The RBI monetary policy announced on December 4 bore a dovish undertone. The equity and bond markets have taken this as a positive indication signaling a focus on economic growth. The inflation projections for Q3 & Q4 FY21 and for H1FY22 have been revised substantially upwards.
Liquidity during the rest of FY21 is expected to remain in the range of Rs 6-8 lakh crore. This will ensure a lower rate at the shorter end of the yield curve (around 3 to 3.5 percent for 1 to 90-day tenor) while the longer end is managed using G-Sec and State G-Sec Open Market Operations. Good quality corporates and banks are able to borrow short term monies at low rates (around 3-3.5 percent per annum). Though this is an encouraging sign for the corporate bond market, investors will need to factor in low-cost borrowings risks by corporates. For now, the saving factor is that the bond market is allocating monies at low rates to good quality borrowers. However, pressures of excess liquidity should not push lenders to take on additional risks by diluting lending norms.
The RBI also mandated commercial banks to not declare any dividends for FY20 to boost capital. While this would aid banks in the short run, it also means creating a hedge against a possible rise in NPAs in FY22/23.
Inflation being a key concern, FY21 is projected to close at an average of 6.51 percent. While food inflation has remained sticky and is likely to come off during January-February 2021, overall core inflation is worrisome. Commodity prices (like steel, copper, and aluminium) have risen over the last couple of months. Global crude oil prices are increasing on the back of positive data on COVID-19 vaccinations and economic growth. With Brent crude prices nearing the $50 a barrel level, India’s fuel inflation and current account balance will be impacted adversely.
The GDP growth for FY21 is expected to be revised higher to -7.5 percent from -9.5 percent. With companies tightening their belts over expenses and debt, the corporate bottomline growth is expected to be resilient. Travel and tourism will take longer to revive, while growth in sectors like IT, pharma, and banks will compensate for the loss.
Equity markets are basking in the deluge of liquidity of Rs 60,358 crore from foreign investors in November 2020. Domestic institutions have withdrawn Rs 48,399 crore during the month (of this, mutual funds have withdrawn Rs 22,665 crore).
The reasons for the seemingly dizzying valuations of equity markets are multiple.
â€¢> The US Presidential election outcome is now decisive.
â€¢> COVID-19 vaccine development and availability is not a concern with multiple companies offering vaccines and billions of vaccine vial orders already confirmed by global economies.
â€¢> Economies, across the globe (except Europe and few other countries), have recovered swiftly.
â€¢> The US Dollar Index (DXY) has dropped 11.8 percent from a level of 102.82 in April 2020 to 90.72 in the first week of December 2020. A weak USD has resulted in increase in foreign flows to other/ emerging markets.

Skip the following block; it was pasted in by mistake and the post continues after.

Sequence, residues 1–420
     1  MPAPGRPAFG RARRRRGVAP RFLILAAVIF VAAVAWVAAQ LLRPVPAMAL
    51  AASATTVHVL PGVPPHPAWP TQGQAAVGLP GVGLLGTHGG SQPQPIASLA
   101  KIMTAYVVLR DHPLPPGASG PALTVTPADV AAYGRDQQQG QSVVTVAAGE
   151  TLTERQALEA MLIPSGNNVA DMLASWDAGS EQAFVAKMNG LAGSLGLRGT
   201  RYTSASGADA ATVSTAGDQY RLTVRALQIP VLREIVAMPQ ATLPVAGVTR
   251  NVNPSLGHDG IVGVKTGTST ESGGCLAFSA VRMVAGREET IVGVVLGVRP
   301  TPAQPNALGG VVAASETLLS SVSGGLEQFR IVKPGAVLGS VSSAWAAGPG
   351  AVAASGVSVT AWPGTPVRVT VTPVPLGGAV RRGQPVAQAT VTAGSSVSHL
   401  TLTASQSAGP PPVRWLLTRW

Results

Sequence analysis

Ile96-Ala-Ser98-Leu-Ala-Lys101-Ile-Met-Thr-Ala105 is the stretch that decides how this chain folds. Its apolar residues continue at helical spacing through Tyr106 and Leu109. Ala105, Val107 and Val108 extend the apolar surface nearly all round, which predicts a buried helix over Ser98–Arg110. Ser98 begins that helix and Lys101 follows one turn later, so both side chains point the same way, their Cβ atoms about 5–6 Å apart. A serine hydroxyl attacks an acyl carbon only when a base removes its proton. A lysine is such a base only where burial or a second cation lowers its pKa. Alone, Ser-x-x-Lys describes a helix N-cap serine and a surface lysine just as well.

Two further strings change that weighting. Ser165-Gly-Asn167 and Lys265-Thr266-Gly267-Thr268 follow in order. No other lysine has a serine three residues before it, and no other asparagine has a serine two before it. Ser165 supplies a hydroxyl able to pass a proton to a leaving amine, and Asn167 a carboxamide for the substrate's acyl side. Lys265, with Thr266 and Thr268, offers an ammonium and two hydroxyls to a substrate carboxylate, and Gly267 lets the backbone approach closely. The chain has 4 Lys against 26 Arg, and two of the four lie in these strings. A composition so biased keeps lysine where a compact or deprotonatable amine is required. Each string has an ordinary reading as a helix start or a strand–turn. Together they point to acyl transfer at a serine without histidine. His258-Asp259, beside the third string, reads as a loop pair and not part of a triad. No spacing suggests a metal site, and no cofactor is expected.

â€¢> Compared to other major global indices (in US dollar terms) on a CY20YTD basis the Nifty has had a tepid return of just around 3 percent versus Nasdaq (+36 percent), South Korea (+25 percent), Taiwan (+21 percent), Japan (+18 percent), S&P 500 (+13 percent).
â€¢> Locally, Indian companies have reported one of the best quarterly growth numbers in Q2FY21.
â€¢> Bloomberg Nifty EPS for CY18A, 19A & 20E is at 455, 475, 486, respectively â€“ showing a CAGR of just 2.21 percent over three years. Nifty EPS growth (CAGR) in last 21 years has been at 9.48 percent. FY22/23 could well be the years where earnings would inch up towards the long-term average.
In FY22, equity may give better returns than fixed income. However, the strategic asset allocation strategy of investing between fixed income, equity (Indian and International), gold and alternatives always must be adhered to.
In the current markets where fixed income will give returns lower than inflation and equity valuations seem high, investment decisions are difficult to make. The way forward could be:
â€¢> Adhere to your Asset Allocation model. This is applicable at the sub-asset class level. Do not be under-allocated to either large, mid, or smallcap stocks/funds /PMSs.
â€¢> Ensure 70-75 percent deployment of your investment in equities. If the deployment is under 70 percent of the planned allocation, invest in a staggered manner over next 3 months till Budget 2021. Balance 25-30 percent can be kept as ‘dry powder’ to average in down markets.
â€¢> Do not book profits on your core/good quality stock portfolio. Sharpen your portfolio. Cut the tail and weed out the laggards.
â€¢> Add un-correlated assets like international equity and gold. Helps geographical and currency diversification apart from reducing portfolio risk. Each should be 5-10 percent of your overall portfolio allocation.
â€¢> For core fixed-income allocations, investors should position their portfolios towards high-quality issuers (AA+ and above) and consider Corporate Bond funds, Short term funds and Banking & PSU Debt funds.
â€¢> 5 & 10-year Bharat Bond ETFs can be considered as part of passive fixed-income strategy. These present a cost and tax-effective mode of investment.
In these uncertain times, a disciplined approach with cautious optimism could well be the way for a better post-COVID-19 investing experience.
(Nimish Shah is the Chief Investment officer – Listed Investments at Waterfield Advisors.)
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